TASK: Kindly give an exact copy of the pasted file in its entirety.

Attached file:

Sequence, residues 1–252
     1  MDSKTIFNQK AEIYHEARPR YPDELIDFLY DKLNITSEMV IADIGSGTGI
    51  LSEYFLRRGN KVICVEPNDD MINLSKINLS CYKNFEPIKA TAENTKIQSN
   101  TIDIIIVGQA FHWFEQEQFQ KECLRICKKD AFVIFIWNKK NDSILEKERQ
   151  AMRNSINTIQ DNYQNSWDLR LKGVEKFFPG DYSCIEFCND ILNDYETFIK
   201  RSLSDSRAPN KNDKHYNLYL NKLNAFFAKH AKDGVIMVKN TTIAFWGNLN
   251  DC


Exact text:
Sequence, residues 1–252
     1  MDSKTIFNQK AEIYHEARPR YPDELIDFLY DKLNITSEMV IADIGSGTGI
    51  LSEYFLRRGN KVICVEPNDD MINLSKINLS CYKNFEPIKA TAENTKIQSN
   101  TIDIIIVGQA FHWFEQEQFQ KECLRICKKD AFVIFIWNKK NDSILEKERQ
   151  AMRNSINTIQ DNYQNSWDLR LKGVEKFFPG DYSCIEFCND ILNDYETFIK
   201  RSLSDSRAPN KNDKHYNLYL NKLNAFFAKH AKDGVIMVKN TTIAFWGNLN
   251  DC